Anyway, there are big holes in the collection record, vast geographical areas where cymbiformis should be found. The interactions between cymbiformis, cooperi, gracilis, decipiens, aristata, bolusii var. blackbeardiana, and other species has plenty to be explained and explored. One example of something requiring an explanation Bruce has a collection of Cymbiformis from Swartwaterspoort. There are 5 plants, all of them very different. Many Cymbiformis populations are fairly uniform within the population. Here in the poort we have a very active zone. I’d like to find out what is happening here; hybridization, environmental adaptation, overlapping populations. I want to find this population and then circle around it to find out the other actors. I suspect Cooperi, Gracilis, Bolusii var. blackbeardiana.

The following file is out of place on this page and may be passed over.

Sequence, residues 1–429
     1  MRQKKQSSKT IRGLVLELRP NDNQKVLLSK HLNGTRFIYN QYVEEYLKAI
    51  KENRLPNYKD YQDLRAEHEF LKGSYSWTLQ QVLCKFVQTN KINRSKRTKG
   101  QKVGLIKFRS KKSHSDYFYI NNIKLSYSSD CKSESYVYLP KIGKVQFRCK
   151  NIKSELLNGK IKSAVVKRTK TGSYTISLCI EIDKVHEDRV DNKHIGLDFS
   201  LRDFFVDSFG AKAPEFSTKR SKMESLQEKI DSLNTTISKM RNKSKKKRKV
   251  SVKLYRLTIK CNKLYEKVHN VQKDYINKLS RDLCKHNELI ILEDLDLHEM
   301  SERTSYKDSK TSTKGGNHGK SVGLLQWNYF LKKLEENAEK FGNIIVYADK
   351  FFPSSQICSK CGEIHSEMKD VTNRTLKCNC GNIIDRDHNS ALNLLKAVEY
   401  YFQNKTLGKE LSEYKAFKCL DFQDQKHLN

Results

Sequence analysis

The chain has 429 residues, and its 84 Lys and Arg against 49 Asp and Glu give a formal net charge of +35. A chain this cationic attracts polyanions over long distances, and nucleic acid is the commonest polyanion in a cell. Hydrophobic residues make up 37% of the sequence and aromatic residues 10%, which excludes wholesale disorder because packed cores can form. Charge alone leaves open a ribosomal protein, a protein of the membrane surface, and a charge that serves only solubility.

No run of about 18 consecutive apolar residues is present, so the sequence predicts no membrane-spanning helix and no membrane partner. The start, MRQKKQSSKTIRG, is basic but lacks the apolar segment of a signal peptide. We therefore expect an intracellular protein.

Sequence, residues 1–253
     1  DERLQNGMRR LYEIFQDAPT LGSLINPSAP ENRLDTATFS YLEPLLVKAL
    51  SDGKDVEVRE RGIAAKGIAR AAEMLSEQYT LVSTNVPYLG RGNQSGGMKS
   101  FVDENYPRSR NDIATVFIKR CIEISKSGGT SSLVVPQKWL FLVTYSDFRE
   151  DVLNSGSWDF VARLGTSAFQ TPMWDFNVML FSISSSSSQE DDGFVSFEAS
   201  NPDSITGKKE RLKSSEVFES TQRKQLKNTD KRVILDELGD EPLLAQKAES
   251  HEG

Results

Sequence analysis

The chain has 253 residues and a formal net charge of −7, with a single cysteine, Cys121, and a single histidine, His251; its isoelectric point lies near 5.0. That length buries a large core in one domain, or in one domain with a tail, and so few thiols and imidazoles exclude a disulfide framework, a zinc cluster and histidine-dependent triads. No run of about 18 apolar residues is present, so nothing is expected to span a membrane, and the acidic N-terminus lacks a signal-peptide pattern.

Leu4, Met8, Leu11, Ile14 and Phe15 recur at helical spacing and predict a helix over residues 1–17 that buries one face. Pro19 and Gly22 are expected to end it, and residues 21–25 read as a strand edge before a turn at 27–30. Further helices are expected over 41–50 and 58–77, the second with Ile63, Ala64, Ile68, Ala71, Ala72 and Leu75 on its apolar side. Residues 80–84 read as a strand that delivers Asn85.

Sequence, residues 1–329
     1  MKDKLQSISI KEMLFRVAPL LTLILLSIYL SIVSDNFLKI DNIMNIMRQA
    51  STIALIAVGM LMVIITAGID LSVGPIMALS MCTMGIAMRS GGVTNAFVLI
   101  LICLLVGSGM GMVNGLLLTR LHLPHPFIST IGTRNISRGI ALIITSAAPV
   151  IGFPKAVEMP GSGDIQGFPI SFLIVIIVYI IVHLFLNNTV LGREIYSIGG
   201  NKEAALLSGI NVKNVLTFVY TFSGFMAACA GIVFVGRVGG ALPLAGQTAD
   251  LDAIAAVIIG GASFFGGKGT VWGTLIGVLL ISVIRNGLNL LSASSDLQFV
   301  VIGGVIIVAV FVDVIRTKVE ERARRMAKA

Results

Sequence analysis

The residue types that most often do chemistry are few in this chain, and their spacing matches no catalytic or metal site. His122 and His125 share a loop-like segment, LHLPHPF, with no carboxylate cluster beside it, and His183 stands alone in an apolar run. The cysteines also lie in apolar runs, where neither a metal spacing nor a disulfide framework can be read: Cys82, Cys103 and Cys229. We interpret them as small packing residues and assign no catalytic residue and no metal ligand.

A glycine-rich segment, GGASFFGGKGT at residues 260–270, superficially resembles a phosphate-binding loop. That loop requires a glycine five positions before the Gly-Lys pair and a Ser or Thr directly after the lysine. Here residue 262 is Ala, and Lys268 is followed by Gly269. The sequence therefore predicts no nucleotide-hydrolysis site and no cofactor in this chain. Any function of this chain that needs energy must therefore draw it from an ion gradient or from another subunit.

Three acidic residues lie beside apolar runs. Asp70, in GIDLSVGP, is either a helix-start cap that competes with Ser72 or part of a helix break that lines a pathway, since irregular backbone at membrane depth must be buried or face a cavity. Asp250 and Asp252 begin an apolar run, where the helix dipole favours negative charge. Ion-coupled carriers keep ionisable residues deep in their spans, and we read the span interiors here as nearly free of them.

The day started very early on Thursday. We had to get up early and get to their son Warwick’s farm in Kuilsriver, some 20+ minutes from Cape Town center by 7:00. So I woke and started getting ready when I heard Bruce get up. Then I checked my watch and saw that it was 4:30! – so I went back to sleep and got back up again at 6:15. The purpose of the trip to son Warwick’s was to pick up a load of garden plants for deliver to a garden center in Robertson. We got to Robertson around 9:30, having cautiously inched our way through great heavy fog banks found on the eastern side of the Huguenot Tunnel on the N1 motorway. This being the Breede River Valley I guess the fogs are a common winter occurrence.